News

Sensitization meeting Karongi

1 september 2016

Apart from leading sociotherapy groups, CBSP also organizes sensitization meetings in all its districts of operation every now and then. The main aim of these meetings is to increase the visibility of the program and the accountability of the organization. Simultaneously, they provide an opportunity to connect with the different main actors operating on district level, and to ensure the quality and sustainability of the program and its graduates.

 

During these meetings – which are usually attended by partners working in the field – the achievements and challenges of the program are extensively discussed. An important part of those meetings is to get recommendations and suggestions on the program, and to address the inquiries the participants have about the program. In this way, a better understanding of the sociotherapy program can be developed. Also, such discussions may lead to an improvement in the quality and sustainability of the program. As noticed by the Permanent Secretary of the Joint Action Development Forum (JADF) of Karongi district: “When people put their efforts together, nothing will stand in their way.”

 

Karongi
Lately, CBSP hosted a sensitization meeting for its current and future partners in Karongi district. Local authorities from different levels, local NGO representatives, and a number of local journalists attended the meeting, which was held at Bethel Centre in Rubengera sector. CBSP was represented by the National Consortium Coordinator, the Field Coordinator of the Western province, and a couple of (intermediate) sociotherapists.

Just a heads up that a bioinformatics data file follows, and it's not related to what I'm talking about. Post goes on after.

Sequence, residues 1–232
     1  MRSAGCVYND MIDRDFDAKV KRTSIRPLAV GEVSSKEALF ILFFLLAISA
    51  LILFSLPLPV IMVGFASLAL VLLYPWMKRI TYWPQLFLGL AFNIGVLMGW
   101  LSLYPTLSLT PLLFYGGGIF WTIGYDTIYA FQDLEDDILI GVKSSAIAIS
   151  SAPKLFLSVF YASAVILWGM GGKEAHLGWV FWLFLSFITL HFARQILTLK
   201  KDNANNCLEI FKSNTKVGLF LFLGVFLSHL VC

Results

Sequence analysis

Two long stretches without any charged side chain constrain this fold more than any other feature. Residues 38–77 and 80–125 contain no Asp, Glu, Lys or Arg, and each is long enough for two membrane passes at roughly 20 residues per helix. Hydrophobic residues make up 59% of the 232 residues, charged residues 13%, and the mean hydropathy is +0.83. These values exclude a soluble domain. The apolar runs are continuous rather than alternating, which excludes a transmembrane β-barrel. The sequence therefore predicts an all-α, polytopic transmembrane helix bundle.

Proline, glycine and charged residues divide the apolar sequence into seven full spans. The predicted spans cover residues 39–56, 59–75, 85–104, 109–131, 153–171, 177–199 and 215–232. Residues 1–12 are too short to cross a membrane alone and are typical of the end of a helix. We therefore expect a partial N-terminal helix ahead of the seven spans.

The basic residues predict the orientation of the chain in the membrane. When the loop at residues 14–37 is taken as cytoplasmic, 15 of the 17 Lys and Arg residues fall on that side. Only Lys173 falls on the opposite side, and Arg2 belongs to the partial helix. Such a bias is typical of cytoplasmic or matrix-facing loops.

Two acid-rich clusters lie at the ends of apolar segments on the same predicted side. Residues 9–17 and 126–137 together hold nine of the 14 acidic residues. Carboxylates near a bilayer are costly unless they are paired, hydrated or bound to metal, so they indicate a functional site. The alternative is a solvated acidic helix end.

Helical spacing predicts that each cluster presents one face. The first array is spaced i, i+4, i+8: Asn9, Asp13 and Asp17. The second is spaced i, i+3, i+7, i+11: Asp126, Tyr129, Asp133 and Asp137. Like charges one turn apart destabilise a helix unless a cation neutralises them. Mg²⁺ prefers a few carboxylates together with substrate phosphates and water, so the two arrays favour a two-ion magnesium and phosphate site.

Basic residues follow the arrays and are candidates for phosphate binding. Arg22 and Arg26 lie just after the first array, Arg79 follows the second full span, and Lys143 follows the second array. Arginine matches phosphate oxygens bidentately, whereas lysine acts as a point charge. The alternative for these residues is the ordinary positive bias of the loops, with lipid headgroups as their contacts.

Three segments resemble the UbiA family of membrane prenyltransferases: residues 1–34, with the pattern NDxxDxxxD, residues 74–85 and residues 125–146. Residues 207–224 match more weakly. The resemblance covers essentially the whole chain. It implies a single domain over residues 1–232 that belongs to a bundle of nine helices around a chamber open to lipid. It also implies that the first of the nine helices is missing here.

During the meeting, the Permanent Secretary of JADF appraised CBSP for the noticeable changes in the Karongi community: “I have come to understand that without a proper healing, one can never achieve a proper economic development.” Also, the participants testified on the impact of sociotherapy on unity and reconciliation. One of the participants clearly brought to the fore that sociotherapy reinforces the already present notion of unity and reconciliation.


The participant had publicly forgiven her neighbor for his role in the murder of her sister. Still, she never really felt at peace: she knew that his wife and children were cursing her for their suffering, which was caused by the absence of their husband and father who was the sole breadwinner of the family. The participant also testified that, whereas she had forgiven her neighbor for killing her sister, she never truly got over the fact that someone so close to her had harmed her that badly. The fact that their homes were neighboring each other, never gave her peace of mind.


During the sensitization meeting, the participant’s neighbor also testified that after he was released from prisoned, he never felt as if he was forgiven. He lived in hiding, and was told that there was a plot to kill him. It was sociotherapy that finally changed this situation. During the sociotherapy groups, he was able to have a face-to-face discussion with his neighbor. As a result, he narrated, “I now consider her as my sister, since my biological sister has disavowed me. My life couldn’t be any better and I have to thank sociotherapy for it.”


These testimonies, and the presentation on the achievements and challenges of the last three years, paved the way for questions, suggestions and recommendations by all participants. The representative of ITORERO and NURC in Karongi district finally closed the meeting with the following words: “Everything you will give them will be useless as long as they won’t have the will to use them properly. What you do (sociotherapy) is the healing and what we can do to help you is to insure the Sustainability of positive changes by supporting those who graduated from socio groups.”